All great novelists force us to reevaluate our definitions of sanity. That tradition began with the first modern novel, Don Quixote, and continues unabated. Indeed, the problem of sanity—what is it? who defines it? who is or is not sane?—is quite possibly the defining theme of the novel.
In this regard, the novel has always been subversive.
Of course all art is subversive. But the novel is particularly dangerous because of its ability to disguise its menace in the Biblical conventions of storytelling. Consequently, prior to the development of photography the novel has had no rival in the arts to match its ability to appear benevolent, edifying, and traditional while in fact working to provoke, transform, even revolutionize society.
Certainly novels have met with fierce resistance in the West—Madame Bovary, Ulysses, Tropic of Cancer, Lolita—but that resistance is usually in reaction to sexual content and is fairly reliably a mark of greatness (novelty). So it's rare.
Given, then, the novel's peculiar advantages for sedition, why has it opted to focus on the problem of sanity?
Because the surest way to examine power in any culture is to isolate that culture's boundaries between what's sane and what's insane. Those boundaries don't only distinguish one culture from another; they also clarify who runs the show.
James Salter has written two masterpieces—which is two more than most novelists—and both of them explore sanity. A Sport and a Pastime contemplates erotic love, which we both venerate as life's highest private experience and proscribe as a kind of irresponsible, obsessive madness. Light Years contemplates domestic family life, which we venerate as the central institution of responsible adult life, as the apotheosis of civilized happiness, yet often experience as a slow, inexorable descent into madness—as, in fact, a form of madness, and of cowardice.
Unlike those novels, Solo Faces concerns itself with the Western obsession with individual achievement. Salter has decided to explore that obsession through mountain climbing, perhaps the most mythical (cliché) metaphor for individual achievement imaginable.
For those who love to climb—who live to climb—his careful depiction of that life will be reason enough to read the book. I'd be surprised if there's a better account of climbing culture and its numerous idiosyncrasies.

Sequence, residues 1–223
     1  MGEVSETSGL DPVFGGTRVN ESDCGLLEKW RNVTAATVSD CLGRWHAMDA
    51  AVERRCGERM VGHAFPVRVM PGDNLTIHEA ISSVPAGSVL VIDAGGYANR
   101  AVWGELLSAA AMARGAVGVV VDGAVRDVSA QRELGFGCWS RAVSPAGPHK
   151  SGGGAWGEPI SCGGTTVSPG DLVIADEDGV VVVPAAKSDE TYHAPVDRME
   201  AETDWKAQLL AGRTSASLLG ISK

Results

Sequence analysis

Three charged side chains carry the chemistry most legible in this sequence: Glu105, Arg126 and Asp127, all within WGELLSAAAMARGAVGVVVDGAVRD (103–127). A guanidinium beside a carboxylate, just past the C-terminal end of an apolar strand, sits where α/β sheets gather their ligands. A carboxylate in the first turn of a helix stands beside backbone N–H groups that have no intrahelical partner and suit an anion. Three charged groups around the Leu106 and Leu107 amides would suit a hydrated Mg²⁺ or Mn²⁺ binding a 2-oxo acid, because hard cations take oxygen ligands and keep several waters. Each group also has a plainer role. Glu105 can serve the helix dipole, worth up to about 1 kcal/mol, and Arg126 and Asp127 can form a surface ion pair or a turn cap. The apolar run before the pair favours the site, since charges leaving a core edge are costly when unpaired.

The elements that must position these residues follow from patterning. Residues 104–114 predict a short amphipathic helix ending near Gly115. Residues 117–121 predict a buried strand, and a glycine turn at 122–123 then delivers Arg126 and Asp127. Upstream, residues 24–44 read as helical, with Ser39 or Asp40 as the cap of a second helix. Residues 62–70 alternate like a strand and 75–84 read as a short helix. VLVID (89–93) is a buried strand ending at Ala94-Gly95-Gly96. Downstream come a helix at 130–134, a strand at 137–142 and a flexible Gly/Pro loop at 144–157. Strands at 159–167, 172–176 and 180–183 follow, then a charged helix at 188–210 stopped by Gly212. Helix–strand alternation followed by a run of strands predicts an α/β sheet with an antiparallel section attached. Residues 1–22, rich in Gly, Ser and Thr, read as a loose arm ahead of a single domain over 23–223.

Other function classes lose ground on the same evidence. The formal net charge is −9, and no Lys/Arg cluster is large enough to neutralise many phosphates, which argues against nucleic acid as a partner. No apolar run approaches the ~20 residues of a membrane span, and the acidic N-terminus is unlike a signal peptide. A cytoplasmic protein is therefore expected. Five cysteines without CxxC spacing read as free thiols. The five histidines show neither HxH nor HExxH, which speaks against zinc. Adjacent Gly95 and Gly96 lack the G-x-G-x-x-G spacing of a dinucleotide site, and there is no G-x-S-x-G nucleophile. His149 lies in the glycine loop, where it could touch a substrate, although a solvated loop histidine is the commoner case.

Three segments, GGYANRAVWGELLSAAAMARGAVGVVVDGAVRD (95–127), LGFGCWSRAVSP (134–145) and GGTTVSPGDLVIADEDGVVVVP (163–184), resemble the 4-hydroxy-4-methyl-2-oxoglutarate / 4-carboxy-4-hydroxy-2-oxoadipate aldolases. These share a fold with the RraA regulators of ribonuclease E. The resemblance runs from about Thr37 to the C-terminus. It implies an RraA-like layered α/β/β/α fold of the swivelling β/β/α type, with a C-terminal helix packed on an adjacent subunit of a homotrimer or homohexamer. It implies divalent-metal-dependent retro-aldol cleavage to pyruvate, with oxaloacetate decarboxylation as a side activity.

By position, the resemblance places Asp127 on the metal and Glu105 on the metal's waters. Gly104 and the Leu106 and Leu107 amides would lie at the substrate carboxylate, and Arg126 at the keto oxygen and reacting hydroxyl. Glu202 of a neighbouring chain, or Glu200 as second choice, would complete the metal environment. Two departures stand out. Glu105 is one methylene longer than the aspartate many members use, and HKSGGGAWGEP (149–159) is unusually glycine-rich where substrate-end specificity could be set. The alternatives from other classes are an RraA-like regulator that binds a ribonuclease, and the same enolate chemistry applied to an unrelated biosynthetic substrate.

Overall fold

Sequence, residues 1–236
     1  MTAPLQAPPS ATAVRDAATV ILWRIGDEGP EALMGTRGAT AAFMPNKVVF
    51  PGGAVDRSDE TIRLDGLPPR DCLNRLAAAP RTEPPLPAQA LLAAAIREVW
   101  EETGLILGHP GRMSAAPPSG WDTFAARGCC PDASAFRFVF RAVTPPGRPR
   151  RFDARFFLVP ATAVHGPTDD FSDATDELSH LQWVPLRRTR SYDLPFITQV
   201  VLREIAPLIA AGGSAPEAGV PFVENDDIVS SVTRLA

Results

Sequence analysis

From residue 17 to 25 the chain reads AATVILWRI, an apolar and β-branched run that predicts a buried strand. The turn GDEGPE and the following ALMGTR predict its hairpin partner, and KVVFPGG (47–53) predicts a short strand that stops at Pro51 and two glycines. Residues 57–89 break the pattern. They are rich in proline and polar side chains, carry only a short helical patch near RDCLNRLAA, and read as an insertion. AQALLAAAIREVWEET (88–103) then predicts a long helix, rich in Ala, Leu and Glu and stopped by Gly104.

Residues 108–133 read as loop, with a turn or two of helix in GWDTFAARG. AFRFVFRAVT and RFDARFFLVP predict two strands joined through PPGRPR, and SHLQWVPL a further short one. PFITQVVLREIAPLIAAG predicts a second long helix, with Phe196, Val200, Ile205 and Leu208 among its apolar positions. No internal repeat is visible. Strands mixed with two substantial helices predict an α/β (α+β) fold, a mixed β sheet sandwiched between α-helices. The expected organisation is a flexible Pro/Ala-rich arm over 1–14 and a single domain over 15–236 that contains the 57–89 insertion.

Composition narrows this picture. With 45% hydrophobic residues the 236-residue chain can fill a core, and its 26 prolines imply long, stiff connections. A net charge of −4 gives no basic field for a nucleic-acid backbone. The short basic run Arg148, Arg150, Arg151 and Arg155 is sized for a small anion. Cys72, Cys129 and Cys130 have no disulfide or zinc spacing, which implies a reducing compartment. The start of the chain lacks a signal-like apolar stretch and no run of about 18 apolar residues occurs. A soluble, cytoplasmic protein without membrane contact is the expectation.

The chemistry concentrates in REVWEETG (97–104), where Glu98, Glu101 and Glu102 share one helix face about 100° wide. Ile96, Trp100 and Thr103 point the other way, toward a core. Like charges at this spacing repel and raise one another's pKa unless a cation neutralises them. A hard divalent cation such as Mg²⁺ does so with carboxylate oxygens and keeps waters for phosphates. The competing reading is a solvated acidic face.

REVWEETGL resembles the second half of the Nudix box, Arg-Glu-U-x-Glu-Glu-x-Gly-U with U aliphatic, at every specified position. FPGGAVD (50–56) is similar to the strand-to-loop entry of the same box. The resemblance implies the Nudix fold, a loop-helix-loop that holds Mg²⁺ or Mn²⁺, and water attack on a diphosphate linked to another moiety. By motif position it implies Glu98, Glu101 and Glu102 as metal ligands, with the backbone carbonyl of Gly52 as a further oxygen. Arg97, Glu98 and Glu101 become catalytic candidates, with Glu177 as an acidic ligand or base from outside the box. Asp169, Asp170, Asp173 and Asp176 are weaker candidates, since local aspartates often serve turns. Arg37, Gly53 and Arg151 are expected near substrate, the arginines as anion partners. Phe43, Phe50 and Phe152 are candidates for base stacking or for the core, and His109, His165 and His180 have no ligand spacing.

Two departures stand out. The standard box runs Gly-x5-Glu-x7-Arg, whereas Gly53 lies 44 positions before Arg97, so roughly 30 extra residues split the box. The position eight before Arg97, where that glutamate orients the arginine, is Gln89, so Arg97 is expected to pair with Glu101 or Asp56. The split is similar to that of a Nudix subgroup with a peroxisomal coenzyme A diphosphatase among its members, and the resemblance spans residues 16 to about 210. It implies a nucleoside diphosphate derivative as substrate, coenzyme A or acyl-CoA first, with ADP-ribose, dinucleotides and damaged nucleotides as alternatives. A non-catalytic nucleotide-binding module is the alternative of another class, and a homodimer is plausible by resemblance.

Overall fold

For the rest of us, Solo Faces, unlike Salter's two great novels, is not especially noteworthy.
According to William Dowie (writing in his critical biography of Salter), Solo Faces began as a screenplay commissioned by Robert Redford. When Redford rejected the screenplay, Salter transformed it into a novel. As a consequence (I suspect), Solo Faces suffers from narrative awkwardness, especially in its earliest scenes. It lacks the organic coherence of Salter's enduring work.
I'll note two other disappointments: Salter's great strength as a novelist is his evocation of the inner life of women. But Solo Faces concerns itself with the overwhelmingly masculine world of mountain climbing, so reading it is a bit like watching a great hitter play defense. Secondly, the keenest pleasure this book offers is the pleasure of suspense. For this particular reader, suspense is a trivial, even annoying quality in a novel.
Nevertheless, one does find, as always, Salter's philosophical elegance—in this case, as it obtains to the heroism (insanity?) of obsessive individual achievement. That elegance is best captured in this exchange, which comes near the end of the book:
"I decided to see if I could shock her," Rand admitted. "So I told her the truth."
"I told her I'd been climbing for fifteen years. For most of that, ten years anyway, it was the most important thing in my life. The only thing. I sacrificed everything to it. Do you know the one thing I learned from climbing? The single thing?"
"It is of no importance whatsoever."
The novel's philosophical interest is plain to see when one applies observations like that to individual achievement generally—including, for example, the achievement of writing a novel.